April 24, 2017 by adamburt13
All eyes will be on Cyrus Jones this season after a disappointing performance as a rookie. (Courtesy of John Wilcox)
Written by Adam Burt
Cyrus Jones didn’t have a very productive rookie season for the New England Patriots. It wasn’t that expectations were overly high, but being selected 60th overall in the 2016 NFL draft out of Alabama, fans seemed optimistic that they would at least potentially get a solid slot corner with some special teams experience.
After his 2016-17 rookie season, which included numerous muffed punts with the special teams unit and limited time in the Patriots defensive backfield, it was clear that wasn’t the case.
Standards are high in New England. As the new guy your leash is already short and if you mess up a few times you are almost run out of town and harassed on social media. The reasoning for this is New England and Boston sports fans set such a high standard for their athletes and teams. Jones still has potential and the athletic ability is all there, but can he get his mind right to improve and block out the noise in preparation for a successful bounce-back season?
Coming from a successful school, Jones was used to being in bowl games and feeling triumphant. Most would think he was handed a golden chance to continue winning ways when he was drafted to New England who went on to win Super Bowl 51 this past season.
Although Playing in only 10 regular season games, and missing five out of the last six including the Super Bowl, Jones found himself going through a tough time being sidelined for his performance which is something he has never experienced before.
In an interview with the Baltimore Sun, Jones was asked about his thoughts on being a Super Bowl champion and receiving a Super Bowl ring. Jones stated, “I’ll never take credit for something I don’t feel I contributed to, I was part of the team, but I didn’t feel a part of it.”
The 23 year-old rookie also said, “I honestly felt cursed, I reached a point where I didn’t even want to play. I just didn’t have it. What I did this year was not me. I don’t care how anybody tries to sugarcoat it. Yes, I was a rookie. But I feel I should always be one of the best players on the field, no matter where I am.” There is no denying the kid is out for greatness.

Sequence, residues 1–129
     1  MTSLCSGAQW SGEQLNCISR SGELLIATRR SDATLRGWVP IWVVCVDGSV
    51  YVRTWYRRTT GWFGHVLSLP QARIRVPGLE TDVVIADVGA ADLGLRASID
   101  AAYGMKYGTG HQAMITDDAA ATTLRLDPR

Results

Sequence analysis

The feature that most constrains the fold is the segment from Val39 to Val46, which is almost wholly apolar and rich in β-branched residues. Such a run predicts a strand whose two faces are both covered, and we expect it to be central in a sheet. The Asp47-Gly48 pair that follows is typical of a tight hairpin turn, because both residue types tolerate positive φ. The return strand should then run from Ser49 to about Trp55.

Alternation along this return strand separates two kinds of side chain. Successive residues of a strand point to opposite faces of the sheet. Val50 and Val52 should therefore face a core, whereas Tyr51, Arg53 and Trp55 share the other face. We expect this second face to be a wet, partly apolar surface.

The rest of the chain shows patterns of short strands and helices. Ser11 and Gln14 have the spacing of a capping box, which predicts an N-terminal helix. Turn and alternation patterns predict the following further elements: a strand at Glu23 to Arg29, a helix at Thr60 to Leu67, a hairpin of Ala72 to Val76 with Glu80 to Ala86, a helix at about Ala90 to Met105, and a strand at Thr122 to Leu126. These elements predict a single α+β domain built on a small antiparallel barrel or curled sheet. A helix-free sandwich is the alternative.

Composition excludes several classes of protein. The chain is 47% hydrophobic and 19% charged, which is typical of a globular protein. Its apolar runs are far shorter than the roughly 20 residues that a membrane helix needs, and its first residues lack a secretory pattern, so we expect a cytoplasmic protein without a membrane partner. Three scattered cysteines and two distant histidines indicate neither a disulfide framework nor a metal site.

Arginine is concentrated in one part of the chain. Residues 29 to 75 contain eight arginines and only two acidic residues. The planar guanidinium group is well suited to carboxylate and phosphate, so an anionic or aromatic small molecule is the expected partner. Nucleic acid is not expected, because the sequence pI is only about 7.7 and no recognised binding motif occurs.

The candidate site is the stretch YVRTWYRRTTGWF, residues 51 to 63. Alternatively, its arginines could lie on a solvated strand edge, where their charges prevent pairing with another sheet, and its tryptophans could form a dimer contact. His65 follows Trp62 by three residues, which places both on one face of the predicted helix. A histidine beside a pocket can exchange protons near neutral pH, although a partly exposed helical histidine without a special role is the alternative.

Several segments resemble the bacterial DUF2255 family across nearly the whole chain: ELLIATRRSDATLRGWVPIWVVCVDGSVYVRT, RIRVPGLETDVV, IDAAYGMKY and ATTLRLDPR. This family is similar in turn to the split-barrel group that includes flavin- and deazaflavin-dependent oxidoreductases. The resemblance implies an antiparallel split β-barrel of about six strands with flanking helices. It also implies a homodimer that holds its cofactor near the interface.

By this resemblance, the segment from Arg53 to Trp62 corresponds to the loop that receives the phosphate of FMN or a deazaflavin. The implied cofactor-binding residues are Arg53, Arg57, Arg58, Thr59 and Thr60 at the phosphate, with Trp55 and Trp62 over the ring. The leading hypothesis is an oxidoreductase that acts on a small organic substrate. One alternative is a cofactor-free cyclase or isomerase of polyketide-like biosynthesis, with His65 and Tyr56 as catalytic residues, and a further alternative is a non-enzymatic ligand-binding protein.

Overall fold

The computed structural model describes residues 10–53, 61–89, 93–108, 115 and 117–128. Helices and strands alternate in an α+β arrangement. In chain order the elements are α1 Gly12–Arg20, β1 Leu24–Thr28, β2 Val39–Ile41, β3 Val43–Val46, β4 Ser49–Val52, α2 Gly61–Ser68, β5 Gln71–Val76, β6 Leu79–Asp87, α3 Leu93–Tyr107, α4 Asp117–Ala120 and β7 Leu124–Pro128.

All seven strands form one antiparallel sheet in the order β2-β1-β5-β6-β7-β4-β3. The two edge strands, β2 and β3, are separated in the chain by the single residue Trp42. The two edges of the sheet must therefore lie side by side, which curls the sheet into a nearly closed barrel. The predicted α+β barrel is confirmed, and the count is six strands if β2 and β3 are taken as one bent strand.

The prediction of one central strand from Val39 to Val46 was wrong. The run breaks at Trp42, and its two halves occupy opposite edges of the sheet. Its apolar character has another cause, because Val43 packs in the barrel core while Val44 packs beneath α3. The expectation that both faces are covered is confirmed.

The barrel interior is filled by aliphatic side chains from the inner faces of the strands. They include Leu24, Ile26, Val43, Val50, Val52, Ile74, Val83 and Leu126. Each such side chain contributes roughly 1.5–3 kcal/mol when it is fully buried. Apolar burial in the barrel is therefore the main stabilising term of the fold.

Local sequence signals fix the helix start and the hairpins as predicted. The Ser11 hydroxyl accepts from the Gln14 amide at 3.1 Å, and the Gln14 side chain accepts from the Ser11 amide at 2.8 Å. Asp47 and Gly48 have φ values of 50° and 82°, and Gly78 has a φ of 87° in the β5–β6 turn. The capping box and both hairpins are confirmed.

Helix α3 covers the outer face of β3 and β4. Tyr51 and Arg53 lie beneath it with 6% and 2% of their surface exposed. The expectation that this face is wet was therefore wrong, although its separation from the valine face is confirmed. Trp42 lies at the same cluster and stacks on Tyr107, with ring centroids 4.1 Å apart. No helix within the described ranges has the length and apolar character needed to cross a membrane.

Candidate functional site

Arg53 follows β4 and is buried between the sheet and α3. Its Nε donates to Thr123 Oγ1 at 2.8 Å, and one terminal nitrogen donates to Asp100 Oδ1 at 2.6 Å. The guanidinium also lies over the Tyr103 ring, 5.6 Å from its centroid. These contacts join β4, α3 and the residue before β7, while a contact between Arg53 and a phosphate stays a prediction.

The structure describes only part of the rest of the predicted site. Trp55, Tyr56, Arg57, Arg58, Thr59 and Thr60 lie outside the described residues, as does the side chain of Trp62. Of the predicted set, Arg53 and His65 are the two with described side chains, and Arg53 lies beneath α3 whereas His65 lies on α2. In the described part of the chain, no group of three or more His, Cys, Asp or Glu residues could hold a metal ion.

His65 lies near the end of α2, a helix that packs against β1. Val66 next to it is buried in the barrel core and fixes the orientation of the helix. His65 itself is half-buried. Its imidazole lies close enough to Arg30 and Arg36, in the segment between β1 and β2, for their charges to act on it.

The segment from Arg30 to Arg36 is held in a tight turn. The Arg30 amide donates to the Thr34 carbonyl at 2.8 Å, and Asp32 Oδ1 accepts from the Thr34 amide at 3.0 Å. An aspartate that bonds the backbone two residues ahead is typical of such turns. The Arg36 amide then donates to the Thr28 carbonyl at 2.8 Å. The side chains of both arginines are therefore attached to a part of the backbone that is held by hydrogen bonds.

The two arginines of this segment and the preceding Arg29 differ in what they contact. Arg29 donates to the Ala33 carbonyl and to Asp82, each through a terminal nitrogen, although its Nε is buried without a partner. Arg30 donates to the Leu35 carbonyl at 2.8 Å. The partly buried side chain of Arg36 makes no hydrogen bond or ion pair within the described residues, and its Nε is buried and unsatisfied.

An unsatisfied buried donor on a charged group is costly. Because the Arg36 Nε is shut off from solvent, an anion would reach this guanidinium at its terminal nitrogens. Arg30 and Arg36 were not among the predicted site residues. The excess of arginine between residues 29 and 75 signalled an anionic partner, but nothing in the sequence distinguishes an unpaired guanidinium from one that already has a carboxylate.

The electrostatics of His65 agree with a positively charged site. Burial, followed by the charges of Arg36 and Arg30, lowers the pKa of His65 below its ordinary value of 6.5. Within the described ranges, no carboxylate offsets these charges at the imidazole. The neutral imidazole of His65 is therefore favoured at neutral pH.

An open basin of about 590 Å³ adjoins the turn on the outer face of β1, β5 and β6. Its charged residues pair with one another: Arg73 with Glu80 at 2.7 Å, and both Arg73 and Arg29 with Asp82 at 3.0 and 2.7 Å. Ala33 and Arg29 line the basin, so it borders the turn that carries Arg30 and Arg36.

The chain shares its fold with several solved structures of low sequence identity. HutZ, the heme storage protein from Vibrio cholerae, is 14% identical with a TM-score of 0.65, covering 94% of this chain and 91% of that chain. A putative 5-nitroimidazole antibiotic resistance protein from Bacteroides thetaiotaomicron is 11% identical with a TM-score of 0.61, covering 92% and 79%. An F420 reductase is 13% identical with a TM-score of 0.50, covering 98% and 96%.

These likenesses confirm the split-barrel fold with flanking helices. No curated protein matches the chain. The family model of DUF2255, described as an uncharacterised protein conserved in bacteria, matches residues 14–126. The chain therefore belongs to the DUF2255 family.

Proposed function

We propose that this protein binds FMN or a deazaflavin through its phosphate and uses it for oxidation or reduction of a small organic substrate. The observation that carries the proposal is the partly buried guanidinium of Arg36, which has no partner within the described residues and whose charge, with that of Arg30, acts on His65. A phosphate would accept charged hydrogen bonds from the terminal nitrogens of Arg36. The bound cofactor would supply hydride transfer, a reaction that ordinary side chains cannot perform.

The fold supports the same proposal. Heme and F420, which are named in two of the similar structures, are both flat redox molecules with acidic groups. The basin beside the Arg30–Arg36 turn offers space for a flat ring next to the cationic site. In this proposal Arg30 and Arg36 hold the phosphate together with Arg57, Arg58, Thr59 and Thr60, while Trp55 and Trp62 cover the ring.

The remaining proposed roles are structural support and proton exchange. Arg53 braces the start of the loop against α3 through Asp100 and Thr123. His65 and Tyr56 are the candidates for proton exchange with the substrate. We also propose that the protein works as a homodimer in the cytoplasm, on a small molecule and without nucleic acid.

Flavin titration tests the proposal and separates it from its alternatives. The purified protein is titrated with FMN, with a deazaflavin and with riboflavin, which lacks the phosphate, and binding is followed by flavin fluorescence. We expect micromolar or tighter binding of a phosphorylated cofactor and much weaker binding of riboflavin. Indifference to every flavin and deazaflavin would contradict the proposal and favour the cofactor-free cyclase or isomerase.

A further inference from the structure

As a senior return man at Alabama he was the NCAA leader with four touchdowns returning. But during his 10 games with New England he fumbled five times on 10 returns bringing them out for a disappointing total of 42 yards.
Jones went from winning a national championship in his final season at Alabama and being named defensive MVP in the Cotton Bowl against Michigan State, to being benched for poor on field performance. Quite the turn of events in the span of just a year for Jones who was always been used to playing in the spotlight. This should have been plenty enough of a wake up call for the rookie.
With that being said, it seems to most fans through recent news that Jones is not close to satisfied with his performance. He is on the right mental path to working hard and grinding out the offseason to come back stronger, quicker and with a clear mind once training camp opens to make an impact. If Jones can ignore the noise and stick to his own self-criticism and focus be a better player coming into his second NFL season he may just win back his coaching staff, teammates and the impatient Patriot fan base.
I feel fans should be patient and see what happens with Jones throughout the duration of camp and preseason. He’s talented but had a tough time mentally after his brutal start. With his height and speed I could only see him playing a slot/depth role if he was to get time on defense, especially if Malcolm Butler remains in New England as well as the recent signing of Pro Bowl corner Stephon Gilmore.
When preseason opens I could see the Patriots giving Jones a chance to redeem himself returning punts. We’re just gonna have to wait it out and see what happens. If he returns after the conclusion of preseason roster cuts, expect nothing more than him to be a depth corner possibly returning kicks or filling into another special teams role.